ABC's Charlie Gibson is drawing positive reviews for his interview of Republican Vice Presidential candidate Sarah Palin.
Ms. Palin didn't look rattled or lose her cool in her first interview with Mr. Gibson, the network anchor, on Thursday night, but she skittered through with general answers, sticking to talking points that flowed out quickly and spiritedly, a little too much by rote to satisfy her interviewer that she was giving his questions serious consideration. When Ms. Palin seemed not to know exactly what the Bush doctrine is, Mr. Gibson made a point of explaining it -- pre-emptive self-defense -- and demanded that she tell him whether she agreed with it.
ABC News delivered the first glimpse of Ms. Palin without a script or a cheering audience, and it was a strained and illuminating conversation. Ms. Palin, who kept inserting Mr. Gibson's nickname, Charlie, into her answers, as if to convey an old hand's conviviality, tried to project self-confidence, poise and even expertise: She let Mr. Gibson know that she had personally reassured the Georgian president and correctly pronounced his last name, Saakashvili. At times, her eyes looked uncertain and her voice hesitated, and she looked like a student trying to bend prepared answers to fit unexpected questions.
Mr. Gibson, who sat back in his chair, impatiently wriggling his foot, had the skeptical, annoyed tone of a university president who agrees to interview the daughter of a trustee but doesn't believe she merits admission.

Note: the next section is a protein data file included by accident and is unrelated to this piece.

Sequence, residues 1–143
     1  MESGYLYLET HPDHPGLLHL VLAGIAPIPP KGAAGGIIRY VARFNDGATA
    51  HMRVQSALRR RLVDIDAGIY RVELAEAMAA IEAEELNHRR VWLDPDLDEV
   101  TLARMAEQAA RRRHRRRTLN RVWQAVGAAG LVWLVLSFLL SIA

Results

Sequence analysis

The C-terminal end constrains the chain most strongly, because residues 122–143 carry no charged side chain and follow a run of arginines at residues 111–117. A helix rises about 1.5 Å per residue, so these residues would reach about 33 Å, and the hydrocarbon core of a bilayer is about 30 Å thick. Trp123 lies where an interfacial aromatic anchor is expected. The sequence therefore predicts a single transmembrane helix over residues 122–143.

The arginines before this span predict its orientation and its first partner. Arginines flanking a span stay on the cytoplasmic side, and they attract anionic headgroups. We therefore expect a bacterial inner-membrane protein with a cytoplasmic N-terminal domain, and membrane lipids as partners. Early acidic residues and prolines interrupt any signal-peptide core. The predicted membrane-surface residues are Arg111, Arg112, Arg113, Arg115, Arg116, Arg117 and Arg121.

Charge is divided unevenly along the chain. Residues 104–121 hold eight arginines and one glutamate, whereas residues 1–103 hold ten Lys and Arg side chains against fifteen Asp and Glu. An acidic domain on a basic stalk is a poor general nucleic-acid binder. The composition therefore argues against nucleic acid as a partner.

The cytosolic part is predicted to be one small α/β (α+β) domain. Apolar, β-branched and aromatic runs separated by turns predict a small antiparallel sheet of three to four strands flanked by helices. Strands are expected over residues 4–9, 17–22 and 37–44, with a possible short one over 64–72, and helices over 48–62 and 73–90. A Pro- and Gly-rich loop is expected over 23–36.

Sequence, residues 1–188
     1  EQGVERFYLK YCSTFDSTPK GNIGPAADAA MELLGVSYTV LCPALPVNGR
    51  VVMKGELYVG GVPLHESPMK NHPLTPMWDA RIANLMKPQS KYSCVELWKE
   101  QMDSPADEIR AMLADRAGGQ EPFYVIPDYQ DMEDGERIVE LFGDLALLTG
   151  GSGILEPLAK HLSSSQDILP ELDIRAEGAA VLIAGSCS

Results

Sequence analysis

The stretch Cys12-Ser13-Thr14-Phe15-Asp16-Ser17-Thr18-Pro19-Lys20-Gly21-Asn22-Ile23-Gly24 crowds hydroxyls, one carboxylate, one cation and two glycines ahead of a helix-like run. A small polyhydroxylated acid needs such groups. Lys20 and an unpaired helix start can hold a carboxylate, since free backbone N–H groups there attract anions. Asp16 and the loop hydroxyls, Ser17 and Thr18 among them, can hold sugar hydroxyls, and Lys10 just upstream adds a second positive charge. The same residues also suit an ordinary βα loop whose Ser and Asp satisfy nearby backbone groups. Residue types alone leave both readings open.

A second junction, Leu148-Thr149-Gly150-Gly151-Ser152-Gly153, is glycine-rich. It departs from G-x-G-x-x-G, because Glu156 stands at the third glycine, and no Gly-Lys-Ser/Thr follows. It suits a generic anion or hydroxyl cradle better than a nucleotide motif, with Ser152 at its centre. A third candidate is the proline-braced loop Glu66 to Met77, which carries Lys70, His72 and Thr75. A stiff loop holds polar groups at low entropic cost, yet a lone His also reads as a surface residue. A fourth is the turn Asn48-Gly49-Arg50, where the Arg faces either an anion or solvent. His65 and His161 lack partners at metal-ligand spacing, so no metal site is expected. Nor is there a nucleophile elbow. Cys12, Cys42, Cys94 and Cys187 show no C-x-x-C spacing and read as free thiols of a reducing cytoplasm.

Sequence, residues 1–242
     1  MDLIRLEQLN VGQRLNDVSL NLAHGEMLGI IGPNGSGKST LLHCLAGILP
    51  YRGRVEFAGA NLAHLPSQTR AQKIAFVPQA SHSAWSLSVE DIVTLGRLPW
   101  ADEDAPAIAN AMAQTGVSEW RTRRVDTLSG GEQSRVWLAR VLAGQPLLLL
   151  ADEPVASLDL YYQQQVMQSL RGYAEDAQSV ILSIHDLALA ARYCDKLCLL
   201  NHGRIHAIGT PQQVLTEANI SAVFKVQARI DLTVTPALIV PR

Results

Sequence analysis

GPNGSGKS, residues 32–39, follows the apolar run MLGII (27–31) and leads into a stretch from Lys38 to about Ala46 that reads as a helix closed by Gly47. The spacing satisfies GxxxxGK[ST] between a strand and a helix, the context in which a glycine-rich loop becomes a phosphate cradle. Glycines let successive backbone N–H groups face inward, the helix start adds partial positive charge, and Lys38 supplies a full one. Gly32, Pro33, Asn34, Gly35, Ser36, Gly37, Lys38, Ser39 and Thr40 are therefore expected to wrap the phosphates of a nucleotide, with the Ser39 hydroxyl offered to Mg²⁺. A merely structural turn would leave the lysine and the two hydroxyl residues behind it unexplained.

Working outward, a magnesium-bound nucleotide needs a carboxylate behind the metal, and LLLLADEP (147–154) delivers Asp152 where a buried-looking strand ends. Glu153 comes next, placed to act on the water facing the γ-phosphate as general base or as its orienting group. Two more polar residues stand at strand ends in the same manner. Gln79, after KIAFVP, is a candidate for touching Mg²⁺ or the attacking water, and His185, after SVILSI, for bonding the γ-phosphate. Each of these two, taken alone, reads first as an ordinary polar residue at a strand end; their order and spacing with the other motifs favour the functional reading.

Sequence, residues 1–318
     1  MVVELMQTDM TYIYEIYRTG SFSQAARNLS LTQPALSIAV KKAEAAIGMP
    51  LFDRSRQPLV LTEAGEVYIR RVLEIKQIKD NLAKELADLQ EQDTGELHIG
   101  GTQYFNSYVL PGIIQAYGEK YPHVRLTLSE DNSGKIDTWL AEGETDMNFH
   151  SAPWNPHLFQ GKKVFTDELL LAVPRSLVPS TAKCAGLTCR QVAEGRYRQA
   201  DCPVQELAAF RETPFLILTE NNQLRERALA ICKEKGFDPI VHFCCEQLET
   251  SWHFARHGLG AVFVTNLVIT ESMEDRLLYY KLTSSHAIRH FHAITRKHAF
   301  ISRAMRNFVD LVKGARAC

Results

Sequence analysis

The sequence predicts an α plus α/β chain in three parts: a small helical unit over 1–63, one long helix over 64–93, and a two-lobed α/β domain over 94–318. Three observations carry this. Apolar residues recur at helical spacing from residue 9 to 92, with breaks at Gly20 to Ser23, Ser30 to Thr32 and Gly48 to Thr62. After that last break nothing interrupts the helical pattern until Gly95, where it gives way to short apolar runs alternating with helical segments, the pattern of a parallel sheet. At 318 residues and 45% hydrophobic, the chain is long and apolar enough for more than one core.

Anyone who said that Charlie Gibson might go easy on Sarah Palin might want to quickly delete those comments.
What the ABC newsman conducted yesterday was a serious, professional interview that went right at the heart of what we want and need to know about the governor: Could she be president? Does she understand the nuances of international affairs? Does she have a world view?
He was all business, respectful but persistent.
ABC anchorman Charles Gibson came across as a stern, no-nonsense senior professor putting a graduate student through a tough exam in the first part of his interview with Alaska Gov. Sarah Palin.
It was round one of a three-part interview that will air on the network through tomorrow night, and you had to give it as a split decision to Gibson. But he was far from perfect, and he clearly received a lot of help from the way the interview was edited.
The usually genial Gibson was firm and authoritative without being hectoring as he and the Republican vice presidential candidate sat stiffly knees to knees in leather chairs discussing God, national security and the possibility of military action against Russia if it invades Georgia again. Gibson wasted no time in the excerpted portion of the interview that aired on ABC World News in asking about her qualifications.